“The Theater of Dionysos” by Sébastien Bertrand is licensed under CC BY 2.0
By the time of the Oresteia, dramatists would have had a skene and probably also a wheeled platform for special effects (ekkyklema) and a lifting device (mechane) available for their productions, as well as the use of a third actor. In the late fourth century exaggerated masks were worn and considered highly important for character identification to an audience consisting of thousands. It is assumed that earlier masks, such as those worn in plays by Aeschylus, were more modest in expression and size. With all this in mind, one can perhaps form an impression of the ancient Theater of Dionysos and appreciate the context of the dramatic performances that took place there.
Old photograph of the relief sculptures at the hyposcenium (the low wall supporting the front of the stage in a Greek theater) of the Theater of Dionysos.
Dionysos, among other sculpture at the hyposcenium (the low wall supporting the front of the stage in a Greek theater) of the Theater of Dionysos. Photo by N. Tombazi.
We will recommend two hotels for you to choose from close to the Acropolis area:
Herodion, an excellent medium-size hotel just a few hundred yards away from the Acropolis and Herodeon, offers elegantly decorated modern, AC rooms, fitted with a satellite TV, safety box and soundproofed windows. Most of the rooms have private balconies and some have a view of the Acropolis. It has a beautiful roof garden with sun loungers and 2 hot tubs as well as PointA restaurant, fitted with a decked terrace, serving Mediterranean cuisine, and a variety of cocktails. In between, guests can enjoy snacks and homemade desserts in the semi-outdoor area in the hotel's back garden. An indoor restaurant is also available where American breakfast is served.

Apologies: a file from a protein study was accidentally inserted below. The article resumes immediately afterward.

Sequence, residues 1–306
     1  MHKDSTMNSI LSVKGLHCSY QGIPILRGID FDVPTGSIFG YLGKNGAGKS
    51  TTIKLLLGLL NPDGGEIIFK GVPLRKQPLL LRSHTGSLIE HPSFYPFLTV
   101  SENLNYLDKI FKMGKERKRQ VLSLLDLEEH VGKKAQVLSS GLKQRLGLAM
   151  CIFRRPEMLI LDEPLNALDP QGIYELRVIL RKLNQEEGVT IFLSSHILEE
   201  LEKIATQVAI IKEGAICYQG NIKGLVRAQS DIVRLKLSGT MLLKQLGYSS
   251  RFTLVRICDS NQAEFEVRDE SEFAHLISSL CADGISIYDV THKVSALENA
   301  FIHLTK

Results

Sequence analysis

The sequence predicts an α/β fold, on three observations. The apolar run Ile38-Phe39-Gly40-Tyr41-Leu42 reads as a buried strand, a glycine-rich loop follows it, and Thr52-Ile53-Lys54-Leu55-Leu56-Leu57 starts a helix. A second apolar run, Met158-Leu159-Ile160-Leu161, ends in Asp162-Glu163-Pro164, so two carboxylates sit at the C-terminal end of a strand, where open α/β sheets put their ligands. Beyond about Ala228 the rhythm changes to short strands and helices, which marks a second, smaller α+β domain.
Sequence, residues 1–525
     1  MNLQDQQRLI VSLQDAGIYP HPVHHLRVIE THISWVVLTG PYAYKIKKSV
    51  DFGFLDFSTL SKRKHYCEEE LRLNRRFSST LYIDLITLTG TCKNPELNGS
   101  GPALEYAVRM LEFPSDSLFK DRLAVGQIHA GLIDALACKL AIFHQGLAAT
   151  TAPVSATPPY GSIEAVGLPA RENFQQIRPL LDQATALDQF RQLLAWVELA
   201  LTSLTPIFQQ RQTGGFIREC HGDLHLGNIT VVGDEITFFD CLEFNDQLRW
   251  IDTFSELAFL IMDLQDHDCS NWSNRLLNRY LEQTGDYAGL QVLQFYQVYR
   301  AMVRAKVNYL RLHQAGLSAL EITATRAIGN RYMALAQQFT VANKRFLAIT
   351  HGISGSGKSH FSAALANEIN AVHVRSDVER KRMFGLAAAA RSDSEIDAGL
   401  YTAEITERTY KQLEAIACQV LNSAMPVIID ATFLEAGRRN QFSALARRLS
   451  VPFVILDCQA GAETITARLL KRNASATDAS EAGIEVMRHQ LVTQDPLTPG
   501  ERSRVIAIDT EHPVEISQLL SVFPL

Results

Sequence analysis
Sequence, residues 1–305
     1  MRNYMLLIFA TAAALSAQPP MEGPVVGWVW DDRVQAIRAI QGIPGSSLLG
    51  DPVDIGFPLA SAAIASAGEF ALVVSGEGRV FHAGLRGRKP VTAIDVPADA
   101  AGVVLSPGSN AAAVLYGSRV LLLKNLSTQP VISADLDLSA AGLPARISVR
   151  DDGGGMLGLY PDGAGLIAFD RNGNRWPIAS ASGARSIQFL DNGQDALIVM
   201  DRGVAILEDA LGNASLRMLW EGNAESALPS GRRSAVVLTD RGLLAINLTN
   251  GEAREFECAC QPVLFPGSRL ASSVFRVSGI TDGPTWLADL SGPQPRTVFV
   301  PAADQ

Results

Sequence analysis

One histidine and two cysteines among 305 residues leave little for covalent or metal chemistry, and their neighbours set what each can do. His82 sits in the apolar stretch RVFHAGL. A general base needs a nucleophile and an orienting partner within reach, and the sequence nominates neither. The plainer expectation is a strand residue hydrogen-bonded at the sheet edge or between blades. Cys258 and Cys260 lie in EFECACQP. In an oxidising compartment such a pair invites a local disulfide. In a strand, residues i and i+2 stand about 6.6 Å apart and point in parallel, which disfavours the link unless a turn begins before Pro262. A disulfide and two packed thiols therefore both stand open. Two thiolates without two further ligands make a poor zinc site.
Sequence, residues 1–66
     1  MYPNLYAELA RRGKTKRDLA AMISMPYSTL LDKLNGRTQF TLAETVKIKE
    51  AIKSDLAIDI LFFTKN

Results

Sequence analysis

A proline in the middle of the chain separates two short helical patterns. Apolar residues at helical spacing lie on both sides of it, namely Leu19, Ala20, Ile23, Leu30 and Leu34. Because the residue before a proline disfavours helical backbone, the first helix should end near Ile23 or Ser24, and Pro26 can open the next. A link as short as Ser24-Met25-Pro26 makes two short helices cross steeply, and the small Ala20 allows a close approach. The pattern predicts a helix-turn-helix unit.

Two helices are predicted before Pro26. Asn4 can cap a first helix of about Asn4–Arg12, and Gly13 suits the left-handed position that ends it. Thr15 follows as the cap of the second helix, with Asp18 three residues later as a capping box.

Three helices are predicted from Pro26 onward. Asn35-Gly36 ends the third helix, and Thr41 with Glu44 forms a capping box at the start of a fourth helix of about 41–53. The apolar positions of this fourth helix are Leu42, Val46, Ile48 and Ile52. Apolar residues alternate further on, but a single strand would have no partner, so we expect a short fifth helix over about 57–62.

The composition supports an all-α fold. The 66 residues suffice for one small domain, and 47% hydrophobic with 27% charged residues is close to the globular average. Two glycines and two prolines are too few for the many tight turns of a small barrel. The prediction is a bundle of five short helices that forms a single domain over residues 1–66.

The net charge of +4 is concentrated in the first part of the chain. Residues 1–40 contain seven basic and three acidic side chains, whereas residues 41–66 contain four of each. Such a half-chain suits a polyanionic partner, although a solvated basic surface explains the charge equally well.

Finally, Philippos, a reliable small-size value hotel, offers sunny and modern rooms, styled with elegant fabrics and earthy colors, featuring AC, free WiFi, a TV and fridge. Some rooms have Acropolis views from their windows or balconies. Buffet breakfast is served at the all-day café while lunch and dinner are served at the sister hotel Herodion Hotel, located only 40 m away.
Dionysos Theater, Athens.
The Theater of Dionysos on occasion hosted meetings of the Athenian Ekklesia after the Pnyx was deemed unsuitable. In the Roman period, "crude Roman amusements" that were ordinarily restricted to the amphitheater replaced the sacred performances once held in the theater, and by the Byzantine period, the entire complex had been destroyed.
Seats for dignitaries at the Dionysos Theater of Athens.